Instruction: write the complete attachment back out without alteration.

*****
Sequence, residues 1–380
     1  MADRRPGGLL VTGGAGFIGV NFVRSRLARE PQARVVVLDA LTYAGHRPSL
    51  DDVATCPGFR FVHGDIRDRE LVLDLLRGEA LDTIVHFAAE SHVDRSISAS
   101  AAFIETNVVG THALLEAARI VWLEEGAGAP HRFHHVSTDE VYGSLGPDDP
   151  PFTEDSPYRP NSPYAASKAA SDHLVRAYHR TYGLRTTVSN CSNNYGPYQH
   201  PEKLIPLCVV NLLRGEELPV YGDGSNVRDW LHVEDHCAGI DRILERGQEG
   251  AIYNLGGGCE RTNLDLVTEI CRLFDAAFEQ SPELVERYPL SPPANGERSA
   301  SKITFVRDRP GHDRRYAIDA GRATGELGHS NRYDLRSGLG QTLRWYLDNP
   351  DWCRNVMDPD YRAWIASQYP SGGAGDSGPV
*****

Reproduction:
Sequence, residues 1–380
     1  MADRRPGGLL VTGGAGFIGV NFVRSRLARE PQARVVVLDA LTYAGHRPSL
    51  DDVATCPGFR FVHGDIRDRE LVLDLLRGEA LDTIVHFAAE SHVDRSISAS
   101  AAFIETNVVG THALLEAARI VWLEEGAGAP HRFHHVSTDE VYGSLGPDDP
   151  PFTEDSPYRP NSPYAASKAA SDHLVRAYHR TYGLRTTVSN CSNNYGPYQH
   201  PEKLIPLCVV NLLRGEELPV YGDGSNVRDW LHVEDHCAGI DRILERGQEG
   251  AIYNLGGGCE RTNLDLVTEI CRLFDAAFEQ SPELVERYPL SPPANGERSA
   301  SKITFVRDRP GHDRRYAIDA GRATGELGHS NRYDLRSGLG QTLRWYLDNP
   351  DWCRNVMDPD YRAWIASQYP SGGAGDSGPV